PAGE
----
‘Comprehensive’ policy needed as NFU begins member consultation

A comprehensive, whole-Government approach is needed for a successful domestic agricultural policy, the NFU says as it begins consulting with its members on a new policy this week
calendar icon 21 March 2018
clock icon 3 minute read

The NFU has set out seven ‘key tests’ to assess the success of the Government’s proposals and will use these principles as it responds to its consultation.

The tests are for the policy to:

  • Be ambitious
  • Be comprehensive
  • Promote competitiveness and financial resilience
  • Reduce the administrative burden
  • Maintain a level playing field
  • Provide fair award for environmental goods
  • Facilitate a smooth transition

NFU President Minette Batters said: “The creation of a new domestic agricultural policy is the most significant step change for the food and farming industry in decades. It is vital for us to hear the voice of the membership during this important consultation period.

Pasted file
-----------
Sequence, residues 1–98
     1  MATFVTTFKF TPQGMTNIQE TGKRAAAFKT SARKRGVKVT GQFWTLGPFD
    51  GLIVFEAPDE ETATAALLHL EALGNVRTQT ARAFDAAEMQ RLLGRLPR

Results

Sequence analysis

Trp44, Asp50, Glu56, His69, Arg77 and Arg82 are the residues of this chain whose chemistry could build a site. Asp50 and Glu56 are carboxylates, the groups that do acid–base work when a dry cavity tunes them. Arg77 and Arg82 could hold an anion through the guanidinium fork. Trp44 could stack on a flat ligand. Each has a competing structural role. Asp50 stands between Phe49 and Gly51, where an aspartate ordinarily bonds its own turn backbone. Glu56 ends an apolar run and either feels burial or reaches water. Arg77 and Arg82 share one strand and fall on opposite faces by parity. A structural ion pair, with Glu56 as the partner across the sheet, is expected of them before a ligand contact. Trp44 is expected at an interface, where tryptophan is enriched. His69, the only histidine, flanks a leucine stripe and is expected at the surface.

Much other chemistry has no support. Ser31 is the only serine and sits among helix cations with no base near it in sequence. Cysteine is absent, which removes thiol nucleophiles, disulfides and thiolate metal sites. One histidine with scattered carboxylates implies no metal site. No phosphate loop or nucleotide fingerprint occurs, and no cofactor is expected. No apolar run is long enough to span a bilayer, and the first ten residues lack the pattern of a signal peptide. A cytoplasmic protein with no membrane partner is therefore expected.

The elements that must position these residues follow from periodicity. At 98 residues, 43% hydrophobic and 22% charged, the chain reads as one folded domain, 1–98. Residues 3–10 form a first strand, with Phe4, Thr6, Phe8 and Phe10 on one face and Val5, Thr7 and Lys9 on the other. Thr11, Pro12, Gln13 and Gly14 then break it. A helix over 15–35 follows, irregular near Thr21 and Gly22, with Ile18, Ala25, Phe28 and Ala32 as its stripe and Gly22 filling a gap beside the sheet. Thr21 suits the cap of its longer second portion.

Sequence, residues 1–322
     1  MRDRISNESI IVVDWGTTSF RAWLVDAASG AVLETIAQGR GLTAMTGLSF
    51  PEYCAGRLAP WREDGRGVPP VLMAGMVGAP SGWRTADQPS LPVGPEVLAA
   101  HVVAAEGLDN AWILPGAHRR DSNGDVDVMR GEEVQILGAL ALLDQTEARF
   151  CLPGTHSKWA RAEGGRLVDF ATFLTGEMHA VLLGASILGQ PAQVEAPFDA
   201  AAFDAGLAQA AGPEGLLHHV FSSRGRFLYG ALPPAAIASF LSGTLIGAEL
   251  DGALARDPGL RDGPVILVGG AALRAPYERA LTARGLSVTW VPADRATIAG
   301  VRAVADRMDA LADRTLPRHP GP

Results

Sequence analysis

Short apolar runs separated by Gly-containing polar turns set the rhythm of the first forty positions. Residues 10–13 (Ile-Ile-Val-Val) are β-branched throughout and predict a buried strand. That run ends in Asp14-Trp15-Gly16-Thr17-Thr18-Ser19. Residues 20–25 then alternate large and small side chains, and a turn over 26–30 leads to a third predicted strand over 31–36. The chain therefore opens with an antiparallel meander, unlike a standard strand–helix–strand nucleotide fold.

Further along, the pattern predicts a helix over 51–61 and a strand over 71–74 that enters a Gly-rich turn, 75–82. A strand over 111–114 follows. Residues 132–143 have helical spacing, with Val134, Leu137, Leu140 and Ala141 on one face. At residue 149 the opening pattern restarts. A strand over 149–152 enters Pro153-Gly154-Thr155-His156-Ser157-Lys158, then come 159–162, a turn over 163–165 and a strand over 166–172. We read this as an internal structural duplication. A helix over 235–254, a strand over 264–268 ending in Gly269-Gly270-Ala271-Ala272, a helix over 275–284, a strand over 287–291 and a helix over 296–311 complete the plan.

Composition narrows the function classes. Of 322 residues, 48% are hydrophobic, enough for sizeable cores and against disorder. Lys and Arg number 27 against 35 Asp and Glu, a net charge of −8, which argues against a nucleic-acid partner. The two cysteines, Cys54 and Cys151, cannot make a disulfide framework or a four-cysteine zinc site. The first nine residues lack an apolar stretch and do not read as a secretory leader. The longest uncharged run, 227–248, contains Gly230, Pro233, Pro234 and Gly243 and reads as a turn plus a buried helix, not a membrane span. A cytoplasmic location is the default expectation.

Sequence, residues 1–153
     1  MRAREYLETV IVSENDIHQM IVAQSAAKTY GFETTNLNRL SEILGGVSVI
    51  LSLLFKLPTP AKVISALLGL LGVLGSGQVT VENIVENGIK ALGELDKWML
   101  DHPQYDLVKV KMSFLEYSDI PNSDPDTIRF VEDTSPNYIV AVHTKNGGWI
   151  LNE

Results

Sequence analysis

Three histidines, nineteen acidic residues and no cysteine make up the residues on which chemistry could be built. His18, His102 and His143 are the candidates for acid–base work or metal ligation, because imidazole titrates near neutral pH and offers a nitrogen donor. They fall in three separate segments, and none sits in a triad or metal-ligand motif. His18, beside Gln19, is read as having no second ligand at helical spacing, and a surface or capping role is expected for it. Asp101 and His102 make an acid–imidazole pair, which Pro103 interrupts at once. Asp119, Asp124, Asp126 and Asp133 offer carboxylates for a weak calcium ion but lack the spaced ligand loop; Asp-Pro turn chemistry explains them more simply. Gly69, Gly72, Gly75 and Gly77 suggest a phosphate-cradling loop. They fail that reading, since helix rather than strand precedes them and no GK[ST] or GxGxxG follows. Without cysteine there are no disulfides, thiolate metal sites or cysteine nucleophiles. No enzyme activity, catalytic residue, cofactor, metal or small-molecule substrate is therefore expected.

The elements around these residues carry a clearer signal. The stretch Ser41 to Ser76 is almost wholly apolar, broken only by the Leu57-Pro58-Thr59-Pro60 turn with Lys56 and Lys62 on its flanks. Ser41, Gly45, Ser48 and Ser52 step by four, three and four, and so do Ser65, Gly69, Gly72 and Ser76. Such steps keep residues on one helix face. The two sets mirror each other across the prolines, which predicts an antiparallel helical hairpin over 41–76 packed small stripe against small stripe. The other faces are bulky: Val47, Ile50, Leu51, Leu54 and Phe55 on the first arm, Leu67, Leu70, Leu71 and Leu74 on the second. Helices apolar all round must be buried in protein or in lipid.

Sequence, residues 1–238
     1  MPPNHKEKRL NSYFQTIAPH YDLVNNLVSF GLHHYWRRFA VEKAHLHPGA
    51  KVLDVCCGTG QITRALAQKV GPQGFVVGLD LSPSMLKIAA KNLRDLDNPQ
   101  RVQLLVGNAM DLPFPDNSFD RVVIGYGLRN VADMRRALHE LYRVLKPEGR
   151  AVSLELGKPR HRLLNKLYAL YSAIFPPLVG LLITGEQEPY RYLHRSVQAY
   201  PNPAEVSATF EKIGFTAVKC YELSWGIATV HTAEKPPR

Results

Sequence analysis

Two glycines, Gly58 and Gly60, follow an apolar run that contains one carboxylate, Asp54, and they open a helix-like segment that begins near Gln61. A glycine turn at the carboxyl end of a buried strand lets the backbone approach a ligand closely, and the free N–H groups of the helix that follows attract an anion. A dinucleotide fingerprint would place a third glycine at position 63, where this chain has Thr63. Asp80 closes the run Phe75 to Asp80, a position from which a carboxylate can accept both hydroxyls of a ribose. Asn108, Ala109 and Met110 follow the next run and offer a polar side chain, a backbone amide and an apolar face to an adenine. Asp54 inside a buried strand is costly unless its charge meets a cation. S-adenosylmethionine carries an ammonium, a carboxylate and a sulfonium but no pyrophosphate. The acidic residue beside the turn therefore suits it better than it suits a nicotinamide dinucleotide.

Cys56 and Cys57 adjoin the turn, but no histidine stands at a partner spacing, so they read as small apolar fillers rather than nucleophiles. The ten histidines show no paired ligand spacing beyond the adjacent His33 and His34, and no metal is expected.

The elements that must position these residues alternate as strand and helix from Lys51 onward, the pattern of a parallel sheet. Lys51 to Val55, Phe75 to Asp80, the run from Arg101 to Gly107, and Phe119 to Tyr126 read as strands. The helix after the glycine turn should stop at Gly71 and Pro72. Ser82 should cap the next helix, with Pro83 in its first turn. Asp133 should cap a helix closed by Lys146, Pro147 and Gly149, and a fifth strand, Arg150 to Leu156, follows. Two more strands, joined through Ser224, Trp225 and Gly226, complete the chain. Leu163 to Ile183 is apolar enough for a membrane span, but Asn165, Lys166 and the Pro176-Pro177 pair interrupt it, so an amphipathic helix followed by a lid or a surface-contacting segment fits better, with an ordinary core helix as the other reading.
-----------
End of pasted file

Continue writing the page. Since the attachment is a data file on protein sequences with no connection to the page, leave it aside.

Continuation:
“We know for certain that a new policy needs to be fair to all active farm businesses - irrespective of size or system – providing enough time and certainty to plan, adapt and invest.

“We have a vision for British farming to be more profitable, productive and competitive outside of the EU; a future where British farming can continue to be respected by society for its high standards of food production, environmental care and animal welfare.

“It is vital that Government looks at farming as the bedrock of the UK’s largest manufacturing sector, food and drink, and harnesses the whole food supply chain in its policy making. If farmers and growers can thrive, they can continue to produce safe, traceable and affordable food for the public.”

As reported by the NFU

Ryan Johnson

Editor at The Poultry Site

Ryan worked in conservation from 2008 to 2017, during which time he operated a rainbow trout hatchery and helped to maintain public and protected green spaces in Canada for the Toronto and Region Conservation Authority. As editor of The Poultry Site, he now writes about challenges and opportunities in agriculture across the globe.

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